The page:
The CSE Commissioner has updated his earlier comments
on the legality of CSEC's wi-fi metadata spying (previous discussion here
, and here
). Yesterday, the Commissioner, or his office, added an additional question and answer addressing the issue to the Commissioner's Frequently Asked Questions
The Commissioner’s office has been briefed by CSEC about the metadata activity referred to in the CBC story. We questioned CSEC employees involved in the activity and who prepared the presentation, and we examined results of the activity.
This activity is used by CSEC to understand global communications networks. We concluded that this CSEC activity does not involve “mass surveillance” or tracking of Canadians or persons in Canada; no CSEC activity was directed at Canadians or persons in Canada.
We are also satisfied that the details and explanation that the Chief of CSEC provided on February 3, 2014, before the Senate Committee on National Security and Defence are accurate.
The Commissioner's answer also asserted flat out that
If CSEC were tracking the movements, on-line or other activities of persons at a Canadian airport, that would be illegal.
The claim that CSEC's activities in this affair have been legal hinges, first and foremost, on a secret (and judicially untested) interpretation of the term "directed at", as explained in an excellent post by law professor Craig Forcese ("Faith-based Accountability: Metadata and CSEC Review
," National Security Law
blog, 13 February 2014):
I don't know enough about the technology to have an opinion on whether the CSEC program involved "tracking". Whether it was "mass surveillance" is, I suppose, in the eyes of the beholder, since this is a colloquial and not a legal concept. But when the Commissioner says "no CSEC activity was directed at Canadians or persons in Canada" this is a legal judgment -- this language circumscribes CSEC's foreign intelligence mandate in its governing legislation.
I have struggled with what this phrase means, speculating on tools of statutory interpretation that might favour a government view on the reach of "directed". But even then, my imagination has failed to find ways to make even a narrow view of "directed" line up with what seem to be the core facts: information was collected by CSEC from a Canadian airport that, by definition, came (exclusively, I would think) from Canadians or persons in Canada. I do not think it makes any legal difference from a CSEC mandate perspective if this information was extracted from a willing (or unwilling) third party, or that it was archived and not real time.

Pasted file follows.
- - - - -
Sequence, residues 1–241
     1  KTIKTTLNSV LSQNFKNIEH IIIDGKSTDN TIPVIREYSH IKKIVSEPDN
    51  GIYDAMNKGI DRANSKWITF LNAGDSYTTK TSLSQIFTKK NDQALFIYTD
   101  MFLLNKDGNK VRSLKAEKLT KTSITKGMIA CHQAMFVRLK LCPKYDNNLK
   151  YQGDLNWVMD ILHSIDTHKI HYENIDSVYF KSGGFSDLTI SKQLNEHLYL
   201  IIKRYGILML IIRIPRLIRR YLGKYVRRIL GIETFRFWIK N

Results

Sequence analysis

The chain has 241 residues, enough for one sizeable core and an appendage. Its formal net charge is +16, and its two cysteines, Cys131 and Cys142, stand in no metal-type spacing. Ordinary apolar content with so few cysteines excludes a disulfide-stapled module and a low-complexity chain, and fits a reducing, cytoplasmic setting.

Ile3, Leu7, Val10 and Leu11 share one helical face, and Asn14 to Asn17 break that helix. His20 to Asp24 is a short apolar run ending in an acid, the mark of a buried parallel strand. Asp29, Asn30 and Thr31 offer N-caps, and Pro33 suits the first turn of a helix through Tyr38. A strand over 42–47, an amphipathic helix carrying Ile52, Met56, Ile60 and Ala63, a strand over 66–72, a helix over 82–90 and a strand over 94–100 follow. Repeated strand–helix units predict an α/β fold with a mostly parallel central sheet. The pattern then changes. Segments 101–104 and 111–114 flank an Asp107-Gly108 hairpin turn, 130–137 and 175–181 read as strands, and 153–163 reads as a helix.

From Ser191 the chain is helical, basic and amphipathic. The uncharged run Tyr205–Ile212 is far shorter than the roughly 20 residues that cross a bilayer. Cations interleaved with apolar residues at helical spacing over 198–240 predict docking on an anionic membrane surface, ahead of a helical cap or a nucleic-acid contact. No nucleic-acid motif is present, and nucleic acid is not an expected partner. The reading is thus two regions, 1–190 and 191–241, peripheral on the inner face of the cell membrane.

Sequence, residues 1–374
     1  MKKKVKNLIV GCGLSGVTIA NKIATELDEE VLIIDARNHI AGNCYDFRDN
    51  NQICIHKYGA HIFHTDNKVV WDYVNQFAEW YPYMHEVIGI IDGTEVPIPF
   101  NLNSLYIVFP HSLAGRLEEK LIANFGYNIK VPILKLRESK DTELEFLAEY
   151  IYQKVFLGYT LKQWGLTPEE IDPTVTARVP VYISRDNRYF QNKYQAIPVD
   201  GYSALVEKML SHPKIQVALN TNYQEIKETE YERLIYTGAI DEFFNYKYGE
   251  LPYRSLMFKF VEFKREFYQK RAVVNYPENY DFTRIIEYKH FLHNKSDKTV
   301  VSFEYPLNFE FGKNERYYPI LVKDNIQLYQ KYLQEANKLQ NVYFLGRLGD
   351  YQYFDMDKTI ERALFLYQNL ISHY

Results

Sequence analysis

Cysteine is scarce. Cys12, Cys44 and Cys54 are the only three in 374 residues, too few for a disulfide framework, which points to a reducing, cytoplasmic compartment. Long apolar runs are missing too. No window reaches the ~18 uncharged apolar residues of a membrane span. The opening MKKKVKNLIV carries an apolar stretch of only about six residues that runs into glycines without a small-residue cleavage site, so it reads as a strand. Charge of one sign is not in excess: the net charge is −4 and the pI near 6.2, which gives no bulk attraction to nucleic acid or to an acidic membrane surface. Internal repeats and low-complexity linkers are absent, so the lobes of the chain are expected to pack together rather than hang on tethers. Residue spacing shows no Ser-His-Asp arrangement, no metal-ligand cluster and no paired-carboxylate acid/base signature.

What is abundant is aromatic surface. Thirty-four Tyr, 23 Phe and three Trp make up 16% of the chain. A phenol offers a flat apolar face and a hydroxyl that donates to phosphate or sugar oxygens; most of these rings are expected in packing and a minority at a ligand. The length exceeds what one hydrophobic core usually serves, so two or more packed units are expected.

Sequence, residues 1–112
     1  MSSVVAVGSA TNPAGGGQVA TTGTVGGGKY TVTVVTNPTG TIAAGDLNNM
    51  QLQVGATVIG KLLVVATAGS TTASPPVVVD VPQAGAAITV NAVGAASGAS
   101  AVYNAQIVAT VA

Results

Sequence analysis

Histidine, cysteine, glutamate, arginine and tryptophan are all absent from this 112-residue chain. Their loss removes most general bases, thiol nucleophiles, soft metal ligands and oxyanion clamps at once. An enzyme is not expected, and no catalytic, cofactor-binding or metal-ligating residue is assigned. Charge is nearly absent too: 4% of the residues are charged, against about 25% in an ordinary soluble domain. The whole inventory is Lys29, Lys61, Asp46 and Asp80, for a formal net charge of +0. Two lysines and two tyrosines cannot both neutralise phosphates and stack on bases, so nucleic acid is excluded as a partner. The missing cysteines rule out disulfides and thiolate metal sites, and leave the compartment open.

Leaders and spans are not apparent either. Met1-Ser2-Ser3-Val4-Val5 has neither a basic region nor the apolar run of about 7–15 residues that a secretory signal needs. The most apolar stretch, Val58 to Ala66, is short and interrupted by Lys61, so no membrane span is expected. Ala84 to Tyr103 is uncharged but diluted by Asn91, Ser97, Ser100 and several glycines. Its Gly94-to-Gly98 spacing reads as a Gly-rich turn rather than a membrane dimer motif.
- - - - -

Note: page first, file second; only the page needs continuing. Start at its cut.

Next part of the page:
But it is very possible I am wrong. There is only so much one can say conclusively when confronted with the inequality of arms in this most secret of areas. But legal doubts need to be assuaged with real law. And so the government needs to show its legal cards. It is long past the time when a bare assertion of legality suffices, when that assertion is based on a legal theory that no one outside of government has seen.
The relevance of the question extends far beyond the brief wi-fi analysis experiment reported by the CBC. What is at stake is whether the term "directed at" allows only a limited and carefully conscribed window into the communications and non-communications activities of Canadians/persons in Canada or has the effect of throwing open the barn door to the wholesale collection, analysis, use, retention, and sharing of vast quantitities of metadata or other information, including potentially "private communications", by or about Canadians.
The National Defence Act
requires both that CSEC's foreign-intelligence-related collection of "private communications" be "directed at" a foreign entity outside of Canada and that its collection of other kinds of information not be "directed at" Canadians or persons in Canada. In both cases, the meaning of "directed at" is fundamental.
The CSE Commissioner's support for CSEC's actions in the wi-fi affair seems to mean that he and CSEC agree that "directed at" is not a simple synonym for selection of communications based on the identity/location of the communicants. It seems to refer not to who is communicating
but to the kind of information being sought
. And if that is true, then (in the government's view) the legal door may be open to the processing of every single "private communication" made by Canadians -- as long as the purpose of the activity is to collect information related to foreign entities located outside Canada.